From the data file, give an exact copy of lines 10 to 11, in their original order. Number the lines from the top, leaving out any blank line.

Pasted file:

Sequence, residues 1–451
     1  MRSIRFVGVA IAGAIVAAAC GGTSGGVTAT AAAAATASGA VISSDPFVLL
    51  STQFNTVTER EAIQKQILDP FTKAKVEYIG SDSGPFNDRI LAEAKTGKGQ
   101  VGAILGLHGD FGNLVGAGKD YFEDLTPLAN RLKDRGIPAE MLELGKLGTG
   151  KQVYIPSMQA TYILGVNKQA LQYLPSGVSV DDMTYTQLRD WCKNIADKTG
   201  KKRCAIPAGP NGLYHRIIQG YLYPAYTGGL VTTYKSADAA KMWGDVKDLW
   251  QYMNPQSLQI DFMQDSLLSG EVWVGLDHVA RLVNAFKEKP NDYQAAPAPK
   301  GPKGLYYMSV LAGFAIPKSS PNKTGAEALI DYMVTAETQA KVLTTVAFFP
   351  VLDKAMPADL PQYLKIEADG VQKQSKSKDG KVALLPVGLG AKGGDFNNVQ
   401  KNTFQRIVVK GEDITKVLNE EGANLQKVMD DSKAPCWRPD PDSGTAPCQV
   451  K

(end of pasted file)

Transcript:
   401  KNTFQRIVVK GEDITKVLNE EGANLQKVMD DSKAPCWRPD PDSGTAPCQV
   451  K